The person was extremely helpful, compassionate, realistic and creative. He heard us out and ruled out a possibility of getting such kind of record out. At all. As our role demanded, we probed him more and requested him to suggest how we could get it. The fact is that our daughter is registered, ten years ago, has a functional identity, has all other papers except for the original birth certificate. How do we get that? “Sir woh toh mil nahi paayega. Ho nahi sakta” (Sir, that can not be arranged. Not possible), he replied with a very simple solution, “aap ek kaam karo, naya banwa lo. Hospital ke papers hain?” (do one thing, get a new one made. Have hospital papers?). I had all hospital papers but we told him that we did not want to create another registration. It sounded absurd and illegal. The friendly staff went on, “aisa karo, hospital se ek naya discharge slip nikalwa lo. Unke paas sab hota hai, copy hi toh nikalwani hai” (then do one thing, go to hospital and get the discharge slip again and we will see). Yes, that’s what we though before coming to you and we refused. “Toh yeh karo, ghar ka janm dikha do!” (do this, show that the birth happened at home!). This sounded like the limit, and we realised that this Suvidha Kendra was not going to be that suvidhajanak after all. We walked out, of course with random suggestions from onlookers, bystanders and fellow applicants – “banwana toh padega. baki aapki marzi hai” (you would have to get it done, rest all depends on what you really want).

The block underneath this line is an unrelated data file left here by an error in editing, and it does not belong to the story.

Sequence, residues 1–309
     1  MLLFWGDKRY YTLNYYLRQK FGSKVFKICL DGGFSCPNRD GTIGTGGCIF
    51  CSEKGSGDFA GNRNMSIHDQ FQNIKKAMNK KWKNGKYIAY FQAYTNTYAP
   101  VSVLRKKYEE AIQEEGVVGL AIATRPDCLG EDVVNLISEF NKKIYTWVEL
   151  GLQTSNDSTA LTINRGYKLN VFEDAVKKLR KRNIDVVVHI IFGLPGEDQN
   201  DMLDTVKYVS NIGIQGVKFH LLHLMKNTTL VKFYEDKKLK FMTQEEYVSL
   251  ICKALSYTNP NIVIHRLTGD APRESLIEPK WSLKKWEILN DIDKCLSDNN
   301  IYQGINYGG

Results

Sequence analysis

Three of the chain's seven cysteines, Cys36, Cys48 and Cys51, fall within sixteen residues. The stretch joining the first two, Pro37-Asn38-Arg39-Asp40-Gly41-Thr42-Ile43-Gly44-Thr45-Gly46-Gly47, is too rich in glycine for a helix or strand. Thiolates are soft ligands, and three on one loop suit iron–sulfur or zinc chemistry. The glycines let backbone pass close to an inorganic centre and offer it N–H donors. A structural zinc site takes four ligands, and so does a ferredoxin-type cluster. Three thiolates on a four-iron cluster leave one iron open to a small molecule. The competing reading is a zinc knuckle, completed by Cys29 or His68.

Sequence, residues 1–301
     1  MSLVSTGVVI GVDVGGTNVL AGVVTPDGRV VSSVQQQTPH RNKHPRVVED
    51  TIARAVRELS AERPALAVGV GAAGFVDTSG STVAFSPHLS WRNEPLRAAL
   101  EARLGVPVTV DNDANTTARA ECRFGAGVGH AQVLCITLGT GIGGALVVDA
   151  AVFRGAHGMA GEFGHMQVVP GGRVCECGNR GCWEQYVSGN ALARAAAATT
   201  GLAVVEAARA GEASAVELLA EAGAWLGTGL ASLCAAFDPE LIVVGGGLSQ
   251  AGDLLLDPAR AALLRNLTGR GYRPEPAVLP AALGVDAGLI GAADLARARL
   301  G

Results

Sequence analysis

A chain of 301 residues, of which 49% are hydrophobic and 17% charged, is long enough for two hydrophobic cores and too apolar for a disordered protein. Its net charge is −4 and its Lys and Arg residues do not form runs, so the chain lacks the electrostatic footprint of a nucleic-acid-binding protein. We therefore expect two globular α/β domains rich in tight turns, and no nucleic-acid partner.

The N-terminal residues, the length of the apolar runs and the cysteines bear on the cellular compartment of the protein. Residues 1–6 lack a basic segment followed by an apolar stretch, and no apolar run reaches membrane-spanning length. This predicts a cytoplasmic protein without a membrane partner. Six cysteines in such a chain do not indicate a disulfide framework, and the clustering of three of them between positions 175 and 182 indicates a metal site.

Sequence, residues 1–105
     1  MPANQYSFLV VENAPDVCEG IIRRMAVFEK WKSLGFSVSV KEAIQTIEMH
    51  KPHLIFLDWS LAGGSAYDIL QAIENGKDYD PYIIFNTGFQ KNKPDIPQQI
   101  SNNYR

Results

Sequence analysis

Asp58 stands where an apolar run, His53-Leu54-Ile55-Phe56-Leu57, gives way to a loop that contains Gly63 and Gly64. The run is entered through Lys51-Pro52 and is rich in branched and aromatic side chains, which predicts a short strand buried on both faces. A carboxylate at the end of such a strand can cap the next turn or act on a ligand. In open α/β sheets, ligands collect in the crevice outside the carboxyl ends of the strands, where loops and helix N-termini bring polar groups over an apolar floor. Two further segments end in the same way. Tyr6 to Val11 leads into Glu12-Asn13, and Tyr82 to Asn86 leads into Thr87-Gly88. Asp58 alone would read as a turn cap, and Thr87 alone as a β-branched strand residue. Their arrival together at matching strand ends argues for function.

All of this took less than half hour and that was too little the time to make anyone give up on project duplicate birth certificate.
We decided to go to the place where they were doing fresh registrations. Hoping that they would have a better suggestion to make. Our next destination was the Government hospital, near Mahila Police Thana.
After going inside the sector and looking for it at various stops, we finally found the hospital. It is located right on the main road, just above the underpass that connects sector 49-50 to sector 34/25.
The hospital is under construction and there is a very small building that even Google reads as “Makeshift Government Multi Speciality Hospital”. The highest chance is that you would miss it, unless you know exactly where it is. It is next to the Women’s Cell/Police Station in Sector 39, Noida.
As you go inside the small shed-like structure, you’d be directed to the last unit that has the registrar office. You walk to the end and reach the Birth and Death Registration counters in two parallel facing rooms. We walked in.
We explained the case to the gentleman sitting and he was extremely helpful and in a good mood. We were lucky to have reached the right counter of a mid-level manager. He asked us to write an application, attach an ID proof, the copy of the certificate and go to the other room where he would take this request and guide us further.